The identification and delineation of ice streams and their tributaries is critical to evaluating the form and flow of the major ice sheets and their long-term stability. However, particularly within the East Antarctic Ice Sheet (EAIS), where recent research has demonstrated that ice streams and their tributaries may originate several hundreds of kilometres inland, our delineation of ice stream coverage is far from complete, potentially compromising our ability to provide good estimates of present-day and future changes in ice sheet mass balance. Interferometric synthetic aperture radar (InSAR) imagery implies that ice flowing through the Support Force Glacier (82Âº45â€™S, 046Âº30W) to the Filchner Ice Shelf is derived largely from a fast-flow feature originating from at least 500 km inland (the southerly limit of InSAR), suggesting that this â€œSupport Force Ice Streamâ€� (SFIS) may be highly significant for the drainage and mass balance of the EAIS. We analyse englacial and subglacial conditions within and around the margins of the SFIS using RES imagery collected from 1974-1979 by a consortium of the UK Scott Polar Research Institute, US National Science Foundation and Technical University of Denmark. The original analogue records have been scanned and incorporated both into a conventional GIS (ArcView) and an advanced three-dimensional visualisation scheme (Fledermaus), providing powerful new tools for quantitative analysis. Where clear internal layers are visible within the RES profiles, we distinguish between â€œwell-preservedâ€� layering which parallels the bed topography and implies slow flow, and â€œbuckledâ€� layering which diverges from bed topography and reflects fast flow/ice streaming. We also use signal scattering to identify areas of crevassing and marginal shear, and investigate the occurrence of possible fault features within the basal layers of some RES profiles. This novel application of RES data collected 26-31 years ago has enabled for the first time the delineation of the SFIS as far inland as the South Pole, and confirms that fast flow takes place deep within the interior of the EAIS.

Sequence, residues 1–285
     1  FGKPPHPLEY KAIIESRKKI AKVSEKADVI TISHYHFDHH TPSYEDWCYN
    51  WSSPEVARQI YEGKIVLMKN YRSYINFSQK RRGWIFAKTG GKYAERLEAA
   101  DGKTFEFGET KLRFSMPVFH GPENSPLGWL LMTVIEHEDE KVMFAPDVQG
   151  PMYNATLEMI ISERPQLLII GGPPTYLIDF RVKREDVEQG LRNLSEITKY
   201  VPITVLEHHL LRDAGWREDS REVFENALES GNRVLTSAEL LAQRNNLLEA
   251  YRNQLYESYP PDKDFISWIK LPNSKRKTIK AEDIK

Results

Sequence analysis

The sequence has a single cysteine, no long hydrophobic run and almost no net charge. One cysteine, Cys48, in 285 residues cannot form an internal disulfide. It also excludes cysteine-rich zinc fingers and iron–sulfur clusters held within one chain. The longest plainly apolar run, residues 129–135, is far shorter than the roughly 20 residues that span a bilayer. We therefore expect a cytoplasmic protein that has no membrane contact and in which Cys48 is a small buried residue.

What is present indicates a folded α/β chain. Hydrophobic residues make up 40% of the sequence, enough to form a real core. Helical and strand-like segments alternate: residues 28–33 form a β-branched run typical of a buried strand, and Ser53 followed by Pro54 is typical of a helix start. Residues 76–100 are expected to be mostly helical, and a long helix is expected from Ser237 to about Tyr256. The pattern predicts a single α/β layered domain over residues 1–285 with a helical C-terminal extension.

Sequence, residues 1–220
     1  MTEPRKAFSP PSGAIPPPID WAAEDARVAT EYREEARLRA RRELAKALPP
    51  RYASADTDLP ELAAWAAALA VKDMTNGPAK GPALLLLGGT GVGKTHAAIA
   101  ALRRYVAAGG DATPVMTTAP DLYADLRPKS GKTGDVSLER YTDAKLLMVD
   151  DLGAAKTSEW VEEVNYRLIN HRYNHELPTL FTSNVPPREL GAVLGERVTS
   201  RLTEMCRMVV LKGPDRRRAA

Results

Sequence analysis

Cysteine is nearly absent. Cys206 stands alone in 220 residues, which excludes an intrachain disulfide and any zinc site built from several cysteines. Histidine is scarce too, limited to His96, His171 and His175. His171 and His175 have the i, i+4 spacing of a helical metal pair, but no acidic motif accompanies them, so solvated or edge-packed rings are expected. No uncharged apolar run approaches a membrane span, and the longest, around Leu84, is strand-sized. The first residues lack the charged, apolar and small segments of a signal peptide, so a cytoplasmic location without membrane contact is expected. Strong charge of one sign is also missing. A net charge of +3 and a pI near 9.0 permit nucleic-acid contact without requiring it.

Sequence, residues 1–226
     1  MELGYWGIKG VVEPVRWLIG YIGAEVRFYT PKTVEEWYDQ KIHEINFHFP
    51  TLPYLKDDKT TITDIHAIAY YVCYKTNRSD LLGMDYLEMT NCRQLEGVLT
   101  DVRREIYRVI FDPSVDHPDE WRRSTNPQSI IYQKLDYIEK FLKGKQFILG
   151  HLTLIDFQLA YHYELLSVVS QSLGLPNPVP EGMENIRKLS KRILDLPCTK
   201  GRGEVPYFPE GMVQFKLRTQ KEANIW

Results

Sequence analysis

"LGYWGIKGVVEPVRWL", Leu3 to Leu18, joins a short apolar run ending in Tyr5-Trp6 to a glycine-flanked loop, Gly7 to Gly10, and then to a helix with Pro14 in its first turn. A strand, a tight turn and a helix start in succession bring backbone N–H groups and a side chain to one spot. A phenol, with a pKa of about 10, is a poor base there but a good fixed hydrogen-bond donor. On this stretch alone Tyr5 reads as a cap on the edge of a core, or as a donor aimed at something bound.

|Translated title of the contribution||Englacial and subglacial conditions in a deep-interior ice stream tributary, East Antarctica|
|Title of host publication||Geophysics of Glacial and Frozen Materials, Environmental and Industrial Geophysics Group, The Geological Society, Northumbria University|
|Publication status||Published - 2005|